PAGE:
The Guggenheim Museum in Bilbao continues with its exhibition dedicated to Olafur Eliasson and offers numerous resources to understand not only the exhibition but also the work of the centre in the assembly and installation process. The website allows us to expand content with interviews with the artist, the download of the audio guide and the vision of the curator Lucía Aguirre, who offers us different video-pills on the pieces in the exhibition.

"Olafur Eliasson: in real life" brings together a part of this artist's work since 1990 through sculptures, photographs, paintings and installations that play with reflections and colours. Likewise, the integration of elements such as moss, water, ice, fog... put the visitor in a situation that confuses the senses and tries to challenge the way we perceive our environment and move in it.

Regina de Miguel, “Isla Decepción”, 2017

The Botín Centre in Santander hosts the exhibition "Collecting processes: 25 years of Itineraries" which brings together the work of 25 of the 210 scholarship recipients who, to date, have enjoyed the Botín Foundation Plastic Arts Scholarship, started in 1993. With the works Lara Almárcegui, Basma Alsharif, Leonor Antunes, Javier Arce, Erick Beltrán, David Bestué, Bleda and Rosa, Nuno Cera, Patricia Dauder, Patricia Esquivias, Karlos Gil, Carlos Irijalba, Adrià Julià, Juan López, Rogelio López Cuenca, Renata Lucas, Mateo Maté, Jorge Méndez Blake, Regina de Miguel, Leticia Ramos, Fernando Sánchez Castillo, Teresa Solar Abboud, Leonor Serrano Rivas, Jorge Yeregui, David Zink-Yi, the exhibition is a good example of up-to-date and young contemporary art contributed by artists with very diverse profiles.

Clemente Bernad. Series “Ante el umbral”, Madrid, 2020

The Reina Sofía Museum wanted to create a visual chronicle of what the confinement and the tragic numbers of infected and deceased have meant for the lives of many of us: a tale of pain, nostalgia and uncertainty made by the photographer Clemente Bernad. This exhibition, curated by Jorge Moreno Andrés, is entitled “Before the threshold”, a title that expresses the strange sensation that occurs when faced with something new and unknown, something that we cannot control or avoid, and that we all must go through. The alteration imposed on our lives unexpectedly is reflected in the streets, transformed into places of solitude and abandonment where life has been paralysed.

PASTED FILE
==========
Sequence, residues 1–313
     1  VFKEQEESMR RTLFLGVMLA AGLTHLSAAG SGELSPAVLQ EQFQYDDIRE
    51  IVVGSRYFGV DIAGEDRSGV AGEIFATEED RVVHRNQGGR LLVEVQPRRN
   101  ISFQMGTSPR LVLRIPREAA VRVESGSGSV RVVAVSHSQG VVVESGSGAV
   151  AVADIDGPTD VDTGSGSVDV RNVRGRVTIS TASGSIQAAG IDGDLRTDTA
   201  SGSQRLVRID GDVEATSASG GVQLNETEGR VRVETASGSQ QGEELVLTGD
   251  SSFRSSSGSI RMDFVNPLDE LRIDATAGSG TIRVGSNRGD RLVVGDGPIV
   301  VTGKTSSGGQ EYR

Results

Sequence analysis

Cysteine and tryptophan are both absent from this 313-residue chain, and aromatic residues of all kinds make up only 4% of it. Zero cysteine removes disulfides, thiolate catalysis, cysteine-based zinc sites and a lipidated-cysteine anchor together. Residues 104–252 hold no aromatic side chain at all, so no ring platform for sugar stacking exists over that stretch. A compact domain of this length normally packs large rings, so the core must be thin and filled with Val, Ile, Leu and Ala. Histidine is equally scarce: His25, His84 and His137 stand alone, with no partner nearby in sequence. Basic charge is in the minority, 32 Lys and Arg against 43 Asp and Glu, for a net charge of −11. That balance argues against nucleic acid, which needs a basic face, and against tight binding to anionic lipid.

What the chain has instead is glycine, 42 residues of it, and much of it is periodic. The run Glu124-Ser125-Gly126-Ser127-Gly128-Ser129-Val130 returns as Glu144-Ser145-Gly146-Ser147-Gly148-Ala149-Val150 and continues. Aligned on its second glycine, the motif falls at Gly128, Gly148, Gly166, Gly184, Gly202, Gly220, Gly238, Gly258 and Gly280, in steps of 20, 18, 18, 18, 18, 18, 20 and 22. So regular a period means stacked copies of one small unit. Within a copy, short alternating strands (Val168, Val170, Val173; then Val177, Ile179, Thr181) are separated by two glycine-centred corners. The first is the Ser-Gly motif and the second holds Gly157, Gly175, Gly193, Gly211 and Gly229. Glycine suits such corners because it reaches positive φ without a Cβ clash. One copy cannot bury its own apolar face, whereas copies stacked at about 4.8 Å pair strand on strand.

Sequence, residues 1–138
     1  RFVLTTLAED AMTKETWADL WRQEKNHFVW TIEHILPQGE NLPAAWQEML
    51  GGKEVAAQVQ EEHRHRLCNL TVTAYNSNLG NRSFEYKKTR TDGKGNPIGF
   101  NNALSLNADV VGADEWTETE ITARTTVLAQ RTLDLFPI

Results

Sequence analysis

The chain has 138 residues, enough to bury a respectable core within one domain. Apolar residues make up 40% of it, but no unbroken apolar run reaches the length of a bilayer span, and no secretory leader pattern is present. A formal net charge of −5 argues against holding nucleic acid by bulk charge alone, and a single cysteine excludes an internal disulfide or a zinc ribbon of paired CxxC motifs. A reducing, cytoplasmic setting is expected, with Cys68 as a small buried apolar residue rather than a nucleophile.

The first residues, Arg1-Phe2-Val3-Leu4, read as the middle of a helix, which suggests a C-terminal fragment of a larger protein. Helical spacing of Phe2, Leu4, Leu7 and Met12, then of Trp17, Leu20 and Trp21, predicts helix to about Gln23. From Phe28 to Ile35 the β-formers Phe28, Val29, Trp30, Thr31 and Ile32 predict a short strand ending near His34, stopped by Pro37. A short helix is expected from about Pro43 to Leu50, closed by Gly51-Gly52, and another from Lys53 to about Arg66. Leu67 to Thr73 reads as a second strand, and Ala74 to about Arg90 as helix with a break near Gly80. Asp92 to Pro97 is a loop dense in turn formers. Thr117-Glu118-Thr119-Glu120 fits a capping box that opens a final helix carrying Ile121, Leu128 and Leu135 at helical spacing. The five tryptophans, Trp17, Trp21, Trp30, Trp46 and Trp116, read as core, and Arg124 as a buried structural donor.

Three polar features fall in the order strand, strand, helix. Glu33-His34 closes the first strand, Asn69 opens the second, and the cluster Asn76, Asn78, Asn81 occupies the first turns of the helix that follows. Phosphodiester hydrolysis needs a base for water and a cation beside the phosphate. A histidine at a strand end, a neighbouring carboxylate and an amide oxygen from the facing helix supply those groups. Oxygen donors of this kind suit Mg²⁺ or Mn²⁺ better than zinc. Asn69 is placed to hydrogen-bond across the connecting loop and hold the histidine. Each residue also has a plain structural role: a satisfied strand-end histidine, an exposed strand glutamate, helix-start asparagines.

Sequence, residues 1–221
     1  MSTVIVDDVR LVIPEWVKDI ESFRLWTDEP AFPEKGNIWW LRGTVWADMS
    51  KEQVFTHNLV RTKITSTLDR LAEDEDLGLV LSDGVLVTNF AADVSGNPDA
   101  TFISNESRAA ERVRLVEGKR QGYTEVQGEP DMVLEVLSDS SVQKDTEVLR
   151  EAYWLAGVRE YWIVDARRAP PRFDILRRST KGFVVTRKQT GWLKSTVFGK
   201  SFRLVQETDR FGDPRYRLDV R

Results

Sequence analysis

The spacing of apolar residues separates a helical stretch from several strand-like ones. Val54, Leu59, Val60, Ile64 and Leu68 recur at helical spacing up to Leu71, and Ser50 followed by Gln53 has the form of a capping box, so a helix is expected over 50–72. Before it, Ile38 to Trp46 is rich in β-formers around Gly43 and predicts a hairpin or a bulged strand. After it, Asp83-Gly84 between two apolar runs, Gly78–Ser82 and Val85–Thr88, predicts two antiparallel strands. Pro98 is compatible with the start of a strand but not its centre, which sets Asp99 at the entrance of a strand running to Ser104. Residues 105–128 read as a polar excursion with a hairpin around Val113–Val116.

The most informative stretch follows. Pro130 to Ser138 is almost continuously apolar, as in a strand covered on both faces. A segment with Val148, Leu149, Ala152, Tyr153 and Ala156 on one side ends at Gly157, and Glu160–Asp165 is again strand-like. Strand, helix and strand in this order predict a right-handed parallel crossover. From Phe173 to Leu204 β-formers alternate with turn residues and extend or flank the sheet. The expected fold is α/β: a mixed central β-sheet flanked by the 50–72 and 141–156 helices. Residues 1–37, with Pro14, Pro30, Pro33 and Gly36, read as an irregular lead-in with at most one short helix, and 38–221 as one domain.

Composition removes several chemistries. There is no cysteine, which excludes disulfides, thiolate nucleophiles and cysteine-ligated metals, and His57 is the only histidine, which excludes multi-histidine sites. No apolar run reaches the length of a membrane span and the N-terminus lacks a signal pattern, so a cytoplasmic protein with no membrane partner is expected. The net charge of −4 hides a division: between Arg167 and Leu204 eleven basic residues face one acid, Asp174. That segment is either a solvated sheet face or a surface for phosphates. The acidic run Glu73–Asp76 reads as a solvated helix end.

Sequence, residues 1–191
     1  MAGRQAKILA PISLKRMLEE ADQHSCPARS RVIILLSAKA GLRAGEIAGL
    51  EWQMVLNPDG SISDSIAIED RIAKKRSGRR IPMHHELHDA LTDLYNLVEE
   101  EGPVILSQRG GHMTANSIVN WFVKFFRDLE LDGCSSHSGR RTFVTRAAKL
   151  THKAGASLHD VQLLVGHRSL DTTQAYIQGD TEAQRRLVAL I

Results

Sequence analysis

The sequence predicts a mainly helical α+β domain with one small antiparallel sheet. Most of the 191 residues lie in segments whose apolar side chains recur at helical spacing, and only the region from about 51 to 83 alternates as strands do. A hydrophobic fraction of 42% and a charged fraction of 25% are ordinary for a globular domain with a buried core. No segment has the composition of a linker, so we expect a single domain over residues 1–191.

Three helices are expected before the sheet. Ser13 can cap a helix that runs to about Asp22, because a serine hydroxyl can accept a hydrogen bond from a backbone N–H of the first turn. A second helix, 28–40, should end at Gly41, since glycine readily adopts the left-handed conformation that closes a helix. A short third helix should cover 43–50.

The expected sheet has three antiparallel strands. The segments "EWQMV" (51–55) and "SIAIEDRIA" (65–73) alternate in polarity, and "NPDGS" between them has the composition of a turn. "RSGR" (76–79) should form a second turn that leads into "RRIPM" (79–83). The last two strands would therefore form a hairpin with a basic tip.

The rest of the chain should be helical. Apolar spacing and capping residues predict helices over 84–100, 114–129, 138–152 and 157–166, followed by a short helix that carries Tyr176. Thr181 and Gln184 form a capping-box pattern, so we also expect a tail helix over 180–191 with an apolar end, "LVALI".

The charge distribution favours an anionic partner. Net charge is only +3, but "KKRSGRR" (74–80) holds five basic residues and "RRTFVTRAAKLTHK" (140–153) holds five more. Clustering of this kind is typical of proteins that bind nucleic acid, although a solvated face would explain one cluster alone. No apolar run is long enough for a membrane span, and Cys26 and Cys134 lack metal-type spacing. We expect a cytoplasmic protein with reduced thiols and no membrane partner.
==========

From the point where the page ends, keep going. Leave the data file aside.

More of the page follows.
Mario Merz / No title, Triplo Igloo, 1984 MAXXI Collection

At the IVAM, the exhibition "What is our home?" brings together works from the IVAM collection and the MAXXI centre in Rome to propose a reflection on the space we inhabit seen from a personal and social perspective. It is about investigating the value that these spaces have as a home or refuge, as well as part of a city or community.

The exhibition, curated by José Miguel G. Cortés, also wants to delve into the feeling of those who feel like foreigners anywhere, because they do not identify with the habits or customs of the society, they do not fit into these social patterns, and home becomes the only shelter space that can adapt to their identity needs.

Martha Rosler, frame from “Backyard Economy I-II”, 1974 © Courtesy of Martha Rosler, 2020

Es Baluard Museu is committed to video creation and performance and hosts the monographic exhibition “Martha Rosler. How do we get there from here?” dedicated to this New York artist who pioneered the use of video as a mechanism for social and political analysis. This exhibition includes various works, from video to photography and several publications, which synthesise her main lines of discourse. Her concern for public policies and the social equality of women has led her to actively participate in numerous social movements in La Havana, New York, Mexico DC or Barcelona, and these experiences are present in one way or another in her work.

With the curatorship of Inma Prieto, a selection has been made within the abundant production of this artist, which presents one of the most coherent careers in towards-the-new-Millenium contemporary art.

Image from file, via meiac.es/turbulence/archive/acceso.html

The MEIAC - Museo Extremeño e Iberoamericano de Arte Contemporáneo, host the works of the prestigious international digital art archive "Turbulence", a platform dedicated to network and hybrid art. In view of the inevitable closure of this institution, the MEIAC has offered to host all this valuable content collected since 1996. The uploading of the file also served as an opportunity to restore numerous pieces and convert formats so that files that had become obsolete remain readable by new systems. A huge job of conservation and updating that can be enjoyed online today. The archive is made up of hundreds of digital works from around the world that can now be visited remotely.